Credit Karma Review
The service also markets personalized credit card offers to users based on their financial information. It is important to note that because the service is free, Credit Karma makes money when you sign up for these offers, something that the top credit report monitoring services that we reviewed do not do.
Signing up for Credit Karma is easy and requires basic information, including your name, address and social security number. The service states that it does not store your social security number, rather it is only used to retrieve your first credit score. You also have the option of entering your annual household income and monthly household income, which Credit Karma will use to provide you with more tailored report and savings data, plus personalized credit card offers. The last part of the sign-up process is a short survey of multiple choice questions used to prove your identity.
During sign up, you have the option of allowing Credit Karma to email you special promotions and targeted offers. Thankfully, we did not get massive amounts of emails by checking this box. Whether you select this option or not, you will see all of the credit card offers Credit Karma has for you based on your credit and spending habits on your account dashboard. The service does not share your credit report and score with its partners, but it will match offers from partners with your registration profile. This includes your credit reports and scores along with other targeting criteria. Credit Karma’s customer support explained that this is in order to ensure that users receive offers that are tailored specifically to them.
If you decide to cancel your Credit Karma account, the service does not delete your information outright. Rather, your encrypted information will be stored on secure servers and your account will be inactive and inaccessible to anyone other than Credit Karma authorized personnel. This is not unusual for most credit report providers, but there are services, like TrustedID and PrivacyGuard, that do delete all of your information after you cancel.
You can view your Equifax and TransUnion credit scores immediately after logging into your Credit Karma account. The credit scores use the VantageScore 3.0 model, which has a range of 300 to 850 and uses the usual labels Excellent, Good, Fair, etc. You can also see your Auto Insurance Score and Home Insurance Score. Credit Karma points out that these scores are used primarily by car and home insurance companies to check the likelihood of you filing a claim. Note that the auto insurance score is not based on your driving record.
Rather than providing users with a traditional credit report, Credit Karma instead supplies an activity feed, which points out events that occurred on your Equifax and TransUnion credit reports. You can also view balances and limits in your current credit accounts, which are organized for you in a menu on the side of your dashboard. The service focuses more heavily on your “Credit Report Card,” which is a chart it uses to show you how well you are doing based on factors that typically affect your credit score. This includes credit utilization ratio, payment history, age of credit history, total accounts, credit inquiries and derogatory marks. Though this is a helpful, simplified way to see how your credit health is doing, we believe that it is not a substitute for a full three-bureau credit report. Not only do different lenders report to different credit bureaus, but there may also be mistakes and fraud on your credit file reported to one bureau and not to the others.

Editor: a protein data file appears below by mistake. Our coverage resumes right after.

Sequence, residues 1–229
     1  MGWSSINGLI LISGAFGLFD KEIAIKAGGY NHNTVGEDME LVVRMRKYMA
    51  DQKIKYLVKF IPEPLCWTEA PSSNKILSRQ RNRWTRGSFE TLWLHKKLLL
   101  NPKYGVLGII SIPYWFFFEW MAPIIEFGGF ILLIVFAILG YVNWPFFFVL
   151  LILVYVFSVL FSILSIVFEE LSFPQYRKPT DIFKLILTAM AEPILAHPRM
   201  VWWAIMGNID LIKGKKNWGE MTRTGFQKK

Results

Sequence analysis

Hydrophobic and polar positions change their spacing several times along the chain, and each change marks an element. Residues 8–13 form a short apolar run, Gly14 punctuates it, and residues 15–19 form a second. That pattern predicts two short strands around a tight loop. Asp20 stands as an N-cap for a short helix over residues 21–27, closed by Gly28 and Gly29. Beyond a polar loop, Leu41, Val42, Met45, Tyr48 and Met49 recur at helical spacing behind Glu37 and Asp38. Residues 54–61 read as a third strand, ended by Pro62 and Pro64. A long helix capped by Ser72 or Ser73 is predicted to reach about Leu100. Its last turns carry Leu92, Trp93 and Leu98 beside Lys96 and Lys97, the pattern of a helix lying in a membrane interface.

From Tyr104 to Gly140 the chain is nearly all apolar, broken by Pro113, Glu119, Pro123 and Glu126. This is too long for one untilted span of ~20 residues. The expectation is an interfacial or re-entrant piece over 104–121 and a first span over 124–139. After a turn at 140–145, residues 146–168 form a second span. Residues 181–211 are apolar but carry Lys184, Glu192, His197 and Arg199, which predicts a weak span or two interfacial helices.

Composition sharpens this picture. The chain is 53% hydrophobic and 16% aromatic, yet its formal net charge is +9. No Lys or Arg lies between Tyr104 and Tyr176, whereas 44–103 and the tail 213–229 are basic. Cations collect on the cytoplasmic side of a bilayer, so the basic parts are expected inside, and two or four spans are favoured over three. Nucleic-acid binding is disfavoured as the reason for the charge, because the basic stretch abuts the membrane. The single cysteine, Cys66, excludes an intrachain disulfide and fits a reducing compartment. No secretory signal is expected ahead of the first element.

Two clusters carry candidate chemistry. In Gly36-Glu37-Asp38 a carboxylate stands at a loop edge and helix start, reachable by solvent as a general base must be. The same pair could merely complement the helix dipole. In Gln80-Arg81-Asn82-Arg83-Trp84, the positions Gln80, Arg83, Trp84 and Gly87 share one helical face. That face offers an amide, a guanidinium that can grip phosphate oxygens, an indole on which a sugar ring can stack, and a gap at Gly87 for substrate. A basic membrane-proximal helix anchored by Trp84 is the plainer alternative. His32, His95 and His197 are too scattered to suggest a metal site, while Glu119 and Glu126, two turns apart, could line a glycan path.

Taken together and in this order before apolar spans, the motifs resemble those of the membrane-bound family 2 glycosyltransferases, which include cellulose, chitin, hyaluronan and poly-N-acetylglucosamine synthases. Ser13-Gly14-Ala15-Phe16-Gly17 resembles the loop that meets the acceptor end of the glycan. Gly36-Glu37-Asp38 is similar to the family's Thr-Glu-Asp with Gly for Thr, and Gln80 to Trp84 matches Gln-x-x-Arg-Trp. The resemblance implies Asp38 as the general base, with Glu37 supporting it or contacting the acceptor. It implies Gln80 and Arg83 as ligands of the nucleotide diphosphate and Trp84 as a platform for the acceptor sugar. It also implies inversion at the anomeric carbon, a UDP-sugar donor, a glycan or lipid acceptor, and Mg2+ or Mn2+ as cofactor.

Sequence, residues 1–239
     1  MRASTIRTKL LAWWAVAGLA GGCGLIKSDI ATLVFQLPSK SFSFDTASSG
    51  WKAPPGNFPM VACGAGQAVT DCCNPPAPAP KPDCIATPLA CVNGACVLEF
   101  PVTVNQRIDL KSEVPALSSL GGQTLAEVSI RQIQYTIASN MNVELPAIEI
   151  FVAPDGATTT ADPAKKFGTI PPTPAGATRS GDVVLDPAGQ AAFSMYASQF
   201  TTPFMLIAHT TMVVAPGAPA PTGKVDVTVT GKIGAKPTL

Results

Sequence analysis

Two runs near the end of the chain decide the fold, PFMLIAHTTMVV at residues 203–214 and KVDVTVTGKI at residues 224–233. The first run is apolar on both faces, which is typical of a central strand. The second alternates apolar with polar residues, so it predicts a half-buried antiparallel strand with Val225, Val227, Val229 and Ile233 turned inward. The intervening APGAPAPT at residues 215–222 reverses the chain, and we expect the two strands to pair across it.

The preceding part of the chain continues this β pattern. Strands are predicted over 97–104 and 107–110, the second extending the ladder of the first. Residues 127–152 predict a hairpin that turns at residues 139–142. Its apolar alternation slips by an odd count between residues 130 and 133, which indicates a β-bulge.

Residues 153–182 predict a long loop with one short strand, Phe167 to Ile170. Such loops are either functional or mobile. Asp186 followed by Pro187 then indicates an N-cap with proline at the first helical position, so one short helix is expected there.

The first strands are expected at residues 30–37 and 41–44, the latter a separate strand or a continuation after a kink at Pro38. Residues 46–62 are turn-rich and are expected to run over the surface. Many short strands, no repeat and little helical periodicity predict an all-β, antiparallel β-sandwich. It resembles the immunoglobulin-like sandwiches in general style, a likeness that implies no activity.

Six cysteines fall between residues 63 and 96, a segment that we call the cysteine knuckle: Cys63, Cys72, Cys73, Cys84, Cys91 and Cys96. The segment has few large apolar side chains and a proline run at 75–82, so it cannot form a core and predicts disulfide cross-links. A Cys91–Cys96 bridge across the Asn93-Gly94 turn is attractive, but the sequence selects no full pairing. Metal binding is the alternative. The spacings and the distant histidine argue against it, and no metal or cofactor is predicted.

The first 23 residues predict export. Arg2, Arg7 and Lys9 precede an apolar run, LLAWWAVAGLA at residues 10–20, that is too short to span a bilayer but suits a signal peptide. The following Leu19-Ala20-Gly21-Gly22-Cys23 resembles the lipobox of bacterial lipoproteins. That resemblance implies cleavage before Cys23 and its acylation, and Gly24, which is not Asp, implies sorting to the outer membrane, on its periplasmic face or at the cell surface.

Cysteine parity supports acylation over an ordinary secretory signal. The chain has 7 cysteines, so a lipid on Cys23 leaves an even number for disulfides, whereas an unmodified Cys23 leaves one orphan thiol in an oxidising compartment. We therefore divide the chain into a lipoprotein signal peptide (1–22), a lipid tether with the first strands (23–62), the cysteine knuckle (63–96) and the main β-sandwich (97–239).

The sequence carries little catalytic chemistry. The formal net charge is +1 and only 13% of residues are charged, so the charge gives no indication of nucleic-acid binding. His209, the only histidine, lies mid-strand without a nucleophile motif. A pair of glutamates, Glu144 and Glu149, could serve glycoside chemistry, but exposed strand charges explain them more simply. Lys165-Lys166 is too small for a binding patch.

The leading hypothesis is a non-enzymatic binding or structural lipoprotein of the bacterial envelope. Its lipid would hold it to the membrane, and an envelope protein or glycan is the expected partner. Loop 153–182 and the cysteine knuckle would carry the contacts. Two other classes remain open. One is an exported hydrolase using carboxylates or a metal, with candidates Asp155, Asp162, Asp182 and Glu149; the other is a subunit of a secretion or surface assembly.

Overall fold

As mentioned in the section above, it is risky not to get your full three-bureau credit reports and scores because you will not see a full picture of your credit with just your Equifax and TransUnion information. That said, Credit Karma tries to make up for this by allowing you to link your financial accounts to your profile so it can notify you of any suspicious activity and maintain “credit report accuracy.” Though this is useful, you still will not get a full, accurate picture of your credit health because it is missing reporting from Experian. We recommend more robust credit report monitoring services if you are looking for full identity theft protection. In addition to scanning the Internet black market for use of your personal information, these services also offer resolution experts in the case that you are a victim of identity theft.
Credit Karma only offers email support, which is disappointing considering that most credit report monitoring services have live phone and chat support in addition to email. Our email request was not answered until two days later. We asked exactly how Credit Karma uses our personal information. Unfortunately, the service’s response only reiterated some points we already read about in its FAQ section. It was nice to receive an automatic response after asking a question though, confirming that they received it and reiterating the question we initially asked.
If you just need a quick credit score to get a glimpse of your position on the credit spectrum, Credit Karma is a good service. The free weekly updates of your Equifax and TransUnion credit scores and interpretation of your credit health on the credit report card are a nice visual for how you are doing. On the other hand, if you want a comprehensive look and discussion of your full, three-bureau credit reports and scores, this service will not be enough. Its identity theft protection is lacking, and the array of credit card and loan offers is distracting if you are just trying to monitor your credit.
|Credit Scores:||Free Equifax and TransUnion scores|
|Credit Reports:||Equifax and TransUnion reports|
|Trial Period & Price:||Free|
|Credit Monitoring:||Equifax and TransUnion monitoring|